3.3. The Special Lojban Characters

The apostrophe, period, and comma need special attention. They are all used as indicators of a division between syllables, but each has a different pronunciation, and each is used for different reasons:

The apostrophe represents a phoneme similar to a short, breathy English h, (IPA [h]). The letter h is not used to represent this sound for two reasons: primarily in order to simplify explanations of the morphology, but also because the sound is very common, and the apostrophe is a visually lightweight representation of it. The apostrophe sound is a consonant in nature, but is not treated as either a consonant or a vowel for purposes of Lojban morphology (word-formation), which is explained in Chapter 3. In addition, the apostrophe visually parallels the comma and the period, which are also used (in different ways) to separate syllables.

As a permitted variant, any unvoiced fricative other than those already used in Lojban may be used to render the apostrophe: IPA [θ] is one possibility. The convenience of the listener should be regarded as paramount in deciding to use a substitute for [h].

The period represents a mandatory pause, with no specified length; a glottal stop (IPA [ʔ]) is considered a pause of shortest length. A pause (or glottal stop) may appear between any two words, and in certain cases – explained in detail in Section 3.1 – must occur. In particular, a word beginning with a vowel is always preceded by a pause, and a word ending in a consonant is always followed by a pause.

Technically, the period is an optional reminder to the reader of a mandatory pause that is dictated by the rules of the language; because these rules are unambiguous, a missing period can be inferred from otherwise correct text with all words separated by spaces. Periods are included only as an aid to the reader.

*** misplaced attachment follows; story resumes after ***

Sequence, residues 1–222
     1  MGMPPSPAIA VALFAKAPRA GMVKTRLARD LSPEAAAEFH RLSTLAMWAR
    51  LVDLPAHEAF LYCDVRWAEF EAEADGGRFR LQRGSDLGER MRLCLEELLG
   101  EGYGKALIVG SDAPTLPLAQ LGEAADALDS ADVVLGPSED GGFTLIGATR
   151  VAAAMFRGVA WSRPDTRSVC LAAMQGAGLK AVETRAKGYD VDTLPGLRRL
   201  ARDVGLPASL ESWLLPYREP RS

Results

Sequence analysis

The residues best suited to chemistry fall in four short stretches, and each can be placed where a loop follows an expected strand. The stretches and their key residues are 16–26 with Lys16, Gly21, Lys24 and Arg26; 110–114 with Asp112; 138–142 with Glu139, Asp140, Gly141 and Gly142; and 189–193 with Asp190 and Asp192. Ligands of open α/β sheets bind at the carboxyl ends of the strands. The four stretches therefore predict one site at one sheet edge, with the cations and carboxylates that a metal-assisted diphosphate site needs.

A period also may be found apparently embedded in a word. When this occurs, such a written string is not one word but two, written together to indicate that the writer intends a unitary meaning for the compound. It is not really necessary to use a space between words if a period appears.

The comma is used to indicate a syllable break within a word, generally one that is not obvious to the reader. Such a comma is written to separate syllables, but indicates that there must be no pause between them, in contrast to the period. Removing a comma has no effect on how a text is pronounced or parsed.

Here is a somewhat artificial example of the difference in pronunciation between periods, commas and apostrophes. In the English song about Old MacDonald's Farm, the vowel string which is written as ee-i-ee-i-o in English could be Lojbanized with periods as:

Example 3.1. 

  • .i.ai.i.ai.o

  • [ʔi.ʔaj.ʔi.ʔaj.ʔo]

  • Ee! Eye! Ee! Eye! Oh!

However, this would sound clipped, staccato, and unmusical compared to the English. Furthermore, although Example 3.1 is a string of meaningful Lojban words, as a sentence it makes very little sense. (Note the use of periods embedded within the written word.)

If glides were used instead of glottal stops, we could represent the English string as a cmevla, ending in a consonant:

Example 3.2. 

  • .i,ia,ii,ia,ion.

  • [ʔi.ja.ji.ja.jonʔ]

If apostrophes were used instead of commas in Example 3.2, it would appear as:

Example 3.3. 

  • .i'ai'i'ai'on.

  • [ʔi.hai.hi.hai.honʔ]

which preserves the rhythm and length, if not the exact sounds, of the original English.